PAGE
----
So, anyway, Crowley's has plopped all these boats into the drink and rafted them off their dock on the Calumet River (a nail-biting procedure involving an enormous rolling cradle lift, a guy with a remote control, and a couple yard jockeys all making sure several tons of pleasure craft don't swing too far in any direction while it's gently lowered from terra to agua -- I regret I didn't capture a sampling of the process with the Rebel) .

Because there are two drawbridges between the yard and the open water, every couple of hours a group of boats makes a choreographed departure so as to limit the bridge raisings to a reasonable number. That way we won't cause an uprising among the good citizens of our city who are traveling this morning by four-wheeled conveyance.

There's Smitty's butt end, third from the left, rafted off with Summer Home, a Beneteau I've admired in Monroe Harbor, and two other boats whose names escape me.

The harbormaster is the choreographer of these departures, and we don't go anywhere until he's ready, so hurry up and wait becomes the order of the day. We're ready to cast off, but Summer Home is dealing with a last-minute rigging issue, and the harbor crew is in constant motion attending to the myriad details of a frantic launch day, so we're waiting...

...and waiting...

...and waiting...

We take the opportunity to assess the weather. NOAA called for NNW winds at 15 - 20 knots, with seas less than 2 feet. But the wind seems to be clocking around further north and we wonder what that will do to the water. It also seems to be blowing from an angle that will perfectly pin us to the dock and may make casting off a little tricky, so we talk about our strategy to get away.

Suddenly we get the word from the man and we're cut loose. Miraculously, the wind just died the moment we cast off our dock lines, so easing out into the river was a cinch. Now we're circling...we're circling...we're circling while the other boats in our bridge-raising group leave the dock and queue up to head downriver.

That's the 95th Street bridge in the background...the first that must bow to our wishes and rise up to let us pass. After that, the 92nd Street bridge on request will do the same.

Navigating the river takes full attention, there's a lot going on, so I have to set down the camera and keep an eye on developments.

But soon we're out in Calumet Harbor, an area defined by a huge breakwater, and we're cruising alongside Bravo Zulu, a pretty little racer that will put up her sails and leave us far behind.

We always feel like we're heading for the Emerald City when we approach Chicago from the water.

That pointy-most icon over my right shoulder is, of course, Sears Tower. On a clear day, you can see Sears, Aon and Hancock from way over on the Michigan side of the lake.

A happy captain.

We motor a great deal of the way from Calumet to Monroe. The now-back-to-NNW winds are keeping the water quiet, but chilling us from the outside in.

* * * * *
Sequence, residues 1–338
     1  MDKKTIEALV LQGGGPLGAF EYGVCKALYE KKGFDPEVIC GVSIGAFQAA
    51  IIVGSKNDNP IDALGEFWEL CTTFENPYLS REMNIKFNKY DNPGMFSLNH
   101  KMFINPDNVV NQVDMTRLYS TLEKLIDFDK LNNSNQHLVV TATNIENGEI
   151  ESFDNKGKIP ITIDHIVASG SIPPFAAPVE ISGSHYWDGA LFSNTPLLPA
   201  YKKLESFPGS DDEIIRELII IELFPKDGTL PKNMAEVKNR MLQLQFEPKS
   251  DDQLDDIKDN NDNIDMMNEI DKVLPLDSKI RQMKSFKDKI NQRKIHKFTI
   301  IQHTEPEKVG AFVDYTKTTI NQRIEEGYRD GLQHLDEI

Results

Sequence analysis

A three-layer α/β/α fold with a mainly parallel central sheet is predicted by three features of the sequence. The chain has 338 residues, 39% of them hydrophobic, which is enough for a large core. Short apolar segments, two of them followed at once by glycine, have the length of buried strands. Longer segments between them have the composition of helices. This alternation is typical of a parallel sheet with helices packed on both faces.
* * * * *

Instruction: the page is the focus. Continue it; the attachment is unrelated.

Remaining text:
Sails are up, though, for a nice starboard tack from just north of the 63rd Street water intake crib to somewhere due east of the museum campus. There we furl up, start the Yanmar, and head into Monroe Harbor to connect with our mooring and bust open the champagne.

After two hours of grinning stupidly from ear to ear, we're home again. This is our sixth summer on the same mooring pin. Some neighbors change:...

...and some stay the same:

What never changes is the capricious nature of the harbor ambiance. The play of light and weather, the endlessly shifting boats and water. The view never repeats itself. Come back and visit anytime, and I'll show you what I mean.

May 15, 2008


When we first bought the boat, we were kinda afraid of her. She was all shiny and new and perfectly tuned, and we were anxious about screwing anything up.

(Here she is, practically just out of the box.
We haven't even rigged the bimini.
That's me in the cockpit.)

Gradually, over the years, the well-tuned shiny newness became less daunting as she became, well, less tuned, shiny and new. The inevitable pings and dings began to pervade -- nothing degenerates faster than a boat in water -- and we were forced, as good boat owners are, to figure out how to keep her well-maintained and sparkly.

Paradoxically, there's a plethora and a dearth of help available on all things related to boat maintenance. A plethora in that boating stores are filled with books and fliers and products and helpful sales staff brimming with advice. A dearth in that, once armed with all those books, fliers, products and advice, you are out there alone in the boat yard, facing some monumental task that you're certain is the only thing standing between a successful sail and a watery death.

The teak is a good example. I combed through stores, picked through the Web, asked other boaters, and still couldn't really get my arms around what felt like a solid teak maintenance program. After 5 years of just doing the best I could based on evaluating my results, I stumbled onto a teak seminar at Crowley's annual Yachtapalooza, a one day celebration in late March that is part shameless promotion and part gathering of winter-crushed sailors desperate for a water fix. It's also one of your first brat-gorging opportunities of the season.